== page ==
#
#              The [composite] variable C has [joint] distribution characterized by the
#              probability vector P,  defined as P[i] = P(C=i).
#
#              The table probabilities p are interpreted as p = D^{-1}(ZZ'P)P,
#              where P is the vector of joint probabilities and Z is the strata matrix
#              corresponding to strata=s.   Unless strata=rep(1,length(y)),
#              that is, unless a single sample is taken from a single strata,  the table
#              probabilities are conditional probabilities.
#
#  Optional:   lowerbound= smallest possible value for S(p).
#              upperbound= largest possible value for S(p).
#                      Defaults:  lowerbound=NA means no lower bound
#                                 upperbound=NA means no upper bound
#                      !THE USER IS STRONGLY ENCOURAGED TO ENTER NUMERIC VALUES FOR
#                      LOWERBOUND AND UPPERBOUND! (This can mitigate convergence
#                      problems.)
#              type  = interval type, either "score", "lr",  "pd", or "wald"
#                      Default:  type="score"
#                      If type == "lr" the likelihood-ratio (equiv profile likelihood)
#                          confidence interval is computed.
#                      If type == "pd" the power-divergence statistic with lambda=pdlambda
#                          is used to compute the confidence interval.
#                      If type == "wald" only the wald confidence interval is computed.
#                      If type is not any of the four options, the score interval is computed.
#              pdlambda = the parameter used to define the power-divergence statistic.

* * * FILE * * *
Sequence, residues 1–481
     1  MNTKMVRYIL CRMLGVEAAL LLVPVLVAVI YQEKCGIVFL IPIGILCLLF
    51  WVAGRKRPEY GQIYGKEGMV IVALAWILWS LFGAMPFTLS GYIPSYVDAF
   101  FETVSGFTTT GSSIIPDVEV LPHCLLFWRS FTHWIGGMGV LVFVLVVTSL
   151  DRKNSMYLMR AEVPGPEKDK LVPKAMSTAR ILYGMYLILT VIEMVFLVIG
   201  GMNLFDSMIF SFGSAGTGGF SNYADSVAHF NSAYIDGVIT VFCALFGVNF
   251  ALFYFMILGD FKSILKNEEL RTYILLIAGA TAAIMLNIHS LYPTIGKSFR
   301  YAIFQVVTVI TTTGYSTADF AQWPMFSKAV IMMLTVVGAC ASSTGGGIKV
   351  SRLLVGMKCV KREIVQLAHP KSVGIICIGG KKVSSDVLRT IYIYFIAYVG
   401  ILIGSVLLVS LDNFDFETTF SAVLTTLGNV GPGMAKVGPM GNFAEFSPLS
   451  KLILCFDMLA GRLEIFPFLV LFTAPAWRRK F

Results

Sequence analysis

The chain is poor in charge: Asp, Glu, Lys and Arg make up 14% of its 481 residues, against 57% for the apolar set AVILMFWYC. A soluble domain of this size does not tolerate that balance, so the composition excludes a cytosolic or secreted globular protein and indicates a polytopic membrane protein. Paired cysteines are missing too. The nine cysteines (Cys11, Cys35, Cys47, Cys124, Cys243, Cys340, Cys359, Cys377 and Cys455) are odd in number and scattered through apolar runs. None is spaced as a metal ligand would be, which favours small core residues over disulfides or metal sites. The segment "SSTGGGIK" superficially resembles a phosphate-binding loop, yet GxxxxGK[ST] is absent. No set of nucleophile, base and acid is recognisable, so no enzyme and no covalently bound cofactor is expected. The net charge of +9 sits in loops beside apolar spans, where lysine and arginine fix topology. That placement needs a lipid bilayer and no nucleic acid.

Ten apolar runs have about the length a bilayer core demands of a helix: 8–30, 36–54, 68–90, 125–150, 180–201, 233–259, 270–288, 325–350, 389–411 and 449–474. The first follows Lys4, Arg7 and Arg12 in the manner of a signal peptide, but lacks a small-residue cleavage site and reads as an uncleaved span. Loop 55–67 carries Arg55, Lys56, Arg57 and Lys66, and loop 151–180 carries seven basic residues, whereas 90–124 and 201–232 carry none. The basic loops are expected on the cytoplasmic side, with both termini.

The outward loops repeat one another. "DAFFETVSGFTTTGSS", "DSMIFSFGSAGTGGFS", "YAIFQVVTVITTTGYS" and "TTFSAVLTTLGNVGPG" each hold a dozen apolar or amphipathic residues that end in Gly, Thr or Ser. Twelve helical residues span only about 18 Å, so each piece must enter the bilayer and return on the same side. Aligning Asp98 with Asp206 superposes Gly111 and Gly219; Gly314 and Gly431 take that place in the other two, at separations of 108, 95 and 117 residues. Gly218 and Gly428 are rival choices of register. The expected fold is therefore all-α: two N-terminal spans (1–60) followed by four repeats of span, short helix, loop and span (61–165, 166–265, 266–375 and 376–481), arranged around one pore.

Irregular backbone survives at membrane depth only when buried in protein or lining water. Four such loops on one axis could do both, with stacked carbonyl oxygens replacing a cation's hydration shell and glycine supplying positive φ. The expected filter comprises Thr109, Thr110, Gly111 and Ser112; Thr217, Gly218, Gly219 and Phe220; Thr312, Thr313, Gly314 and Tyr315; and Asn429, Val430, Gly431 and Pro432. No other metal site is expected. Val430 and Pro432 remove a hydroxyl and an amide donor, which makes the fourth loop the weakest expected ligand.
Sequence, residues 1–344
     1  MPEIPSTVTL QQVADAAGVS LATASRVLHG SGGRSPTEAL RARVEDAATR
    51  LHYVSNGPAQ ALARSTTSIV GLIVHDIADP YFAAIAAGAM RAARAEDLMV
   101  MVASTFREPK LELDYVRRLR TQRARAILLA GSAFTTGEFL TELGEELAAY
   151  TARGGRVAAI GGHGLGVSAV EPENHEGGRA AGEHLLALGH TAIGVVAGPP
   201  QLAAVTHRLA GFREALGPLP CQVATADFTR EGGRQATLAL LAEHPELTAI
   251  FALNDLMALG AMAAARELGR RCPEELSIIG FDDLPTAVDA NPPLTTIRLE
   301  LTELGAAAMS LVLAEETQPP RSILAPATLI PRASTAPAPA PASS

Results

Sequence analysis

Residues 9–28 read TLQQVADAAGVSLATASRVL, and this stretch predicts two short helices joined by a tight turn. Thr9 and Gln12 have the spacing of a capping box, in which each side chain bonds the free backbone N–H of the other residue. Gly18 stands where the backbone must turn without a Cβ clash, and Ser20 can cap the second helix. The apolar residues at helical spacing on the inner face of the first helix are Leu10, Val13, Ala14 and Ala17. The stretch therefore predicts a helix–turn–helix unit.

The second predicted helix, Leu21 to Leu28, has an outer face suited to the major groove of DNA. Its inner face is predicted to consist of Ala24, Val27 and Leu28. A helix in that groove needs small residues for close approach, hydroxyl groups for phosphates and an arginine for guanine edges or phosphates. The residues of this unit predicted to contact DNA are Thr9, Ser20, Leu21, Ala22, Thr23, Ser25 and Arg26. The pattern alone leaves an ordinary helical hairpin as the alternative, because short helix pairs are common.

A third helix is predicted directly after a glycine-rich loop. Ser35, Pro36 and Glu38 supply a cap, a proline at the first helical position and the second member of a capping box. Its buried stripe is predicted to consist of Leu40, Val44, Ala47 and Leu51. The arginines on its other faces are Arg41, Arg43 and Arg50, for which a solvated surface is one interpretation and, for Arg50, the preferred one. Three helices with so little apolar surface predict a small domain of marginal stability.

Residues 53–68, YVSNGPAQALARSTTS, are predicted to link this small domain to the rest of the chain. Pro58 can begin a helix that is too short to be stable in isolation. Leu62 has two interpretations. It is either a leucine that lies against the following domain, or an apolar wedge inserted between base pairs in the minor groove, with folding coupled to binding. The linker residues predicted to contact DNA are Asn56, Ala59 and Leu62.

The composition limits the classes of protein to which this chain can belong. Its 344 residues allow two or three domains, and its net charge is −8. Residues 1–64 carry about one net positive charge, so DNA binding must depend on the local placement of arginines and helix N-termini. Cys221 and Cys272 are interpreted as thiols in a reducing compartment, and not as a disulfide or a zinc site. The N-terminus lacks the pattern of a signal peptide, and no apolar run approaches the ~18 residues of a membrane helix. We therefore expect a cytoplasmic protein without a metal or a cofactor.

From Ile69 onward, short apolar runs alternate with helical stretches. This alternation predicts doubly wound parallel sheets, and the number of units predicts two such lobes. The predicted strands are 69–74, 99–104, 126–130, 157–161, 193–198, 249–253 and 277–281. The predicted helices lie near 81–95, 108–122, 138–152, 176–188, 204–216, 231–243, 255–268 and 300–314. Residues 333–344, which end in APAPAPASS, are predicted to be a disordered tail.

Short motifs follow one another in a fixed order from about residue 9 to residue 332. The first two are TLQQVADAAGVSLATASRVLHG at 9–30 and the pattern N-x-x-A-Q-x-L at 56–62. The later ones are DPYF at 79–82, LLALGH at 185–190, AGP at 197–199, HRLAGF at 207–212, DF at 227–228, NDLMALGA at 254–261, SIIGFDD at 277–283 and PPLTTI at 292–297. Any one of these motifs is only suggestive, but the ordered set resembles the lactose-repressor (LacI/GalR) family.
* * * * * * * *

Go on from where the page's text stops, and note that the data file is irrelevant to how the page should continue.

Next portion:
#                      This parameter is ignored unless type=="pd".  Default: pdlambda=2/3.
#              cc    = the confidence coefficient.  Default:  cc=0.95.
#
#              strata = vector of the same length as y that gives the stratum
#                       membership identifiers.  Default: strata = rep(1,length(y));
#                       i.e. the default is the single stratum (non-stratified) setting.
#                       Examples, strata=A or strata=c(1,1,1,2,2,2,3,3,3) or
#                       strata=paste(sep="","A=",A,",B=",B)
#              fixed.strata = the object that gives information on which stratum have
#                     fixed sample sizes.  It can equal one of the keywords,
#                     fixed.strata = "all" or   fixed.strata = "none",  or it can
#                     be a vector of stratum membership identifiers, e.g.
#                     fixed.strata=c(1,3) or fixed.strata=c("pop1","pop5").
#                     (default: fixed.strata="all")
#                      purposes of computing standard errors for Wald intervals.
#                      Default:  add.to.zero.for.ase = NA, which implies
#              y.eps = amount to initially add to each count in y, as used in mph.fit
#              norm.diff.conv = convergence criterion used in mph.fit.
#                      Default:  norm.diff.conv = 100 (i.e. this criterion is
#                      effectively turned off)
#              norm.score.conv = convergence criterion used in mph.fit.
#              diffc = convergence criterion based on the difference between
#                      current and previous test stat values.
#              step  = step halving parameter as used in mph.fit
#              app.low, app.up   rate parameters that control how fast the
#                      intermediate critical values approach the ultimate critical
#                      value  (which for cc=0.95 is 3.8415).